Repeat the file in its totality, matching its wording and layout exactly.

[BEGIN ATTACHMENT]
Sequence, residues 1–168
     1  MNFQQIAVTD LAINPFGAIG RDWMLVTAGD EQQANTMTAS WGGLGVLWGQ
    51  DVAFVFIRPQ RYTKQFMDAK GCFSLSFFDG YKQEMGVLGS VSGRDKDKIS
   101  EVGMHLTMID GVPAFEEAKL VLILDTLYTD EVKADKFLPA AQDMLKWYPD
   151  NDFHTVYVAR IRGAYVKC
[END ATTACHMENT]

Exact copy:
Sequence, residues 1–168
     1  MNFQQIAVTD LAINPFGAIG RDWMLVTAGD EQQANTMTAS WGGLGVLWGQ
    51  DVAFVFIRPQ RYTKQFMDAK GCFSLSFFDG YKQEMGVLGS VSGRDKDKIS
   101  EVGMHLTMID GVPAFEEAKL VLILDTLYTD EVKADKFLPA AQDMLKWYPD
   151  NDFHTVYVAR IRGAYVKC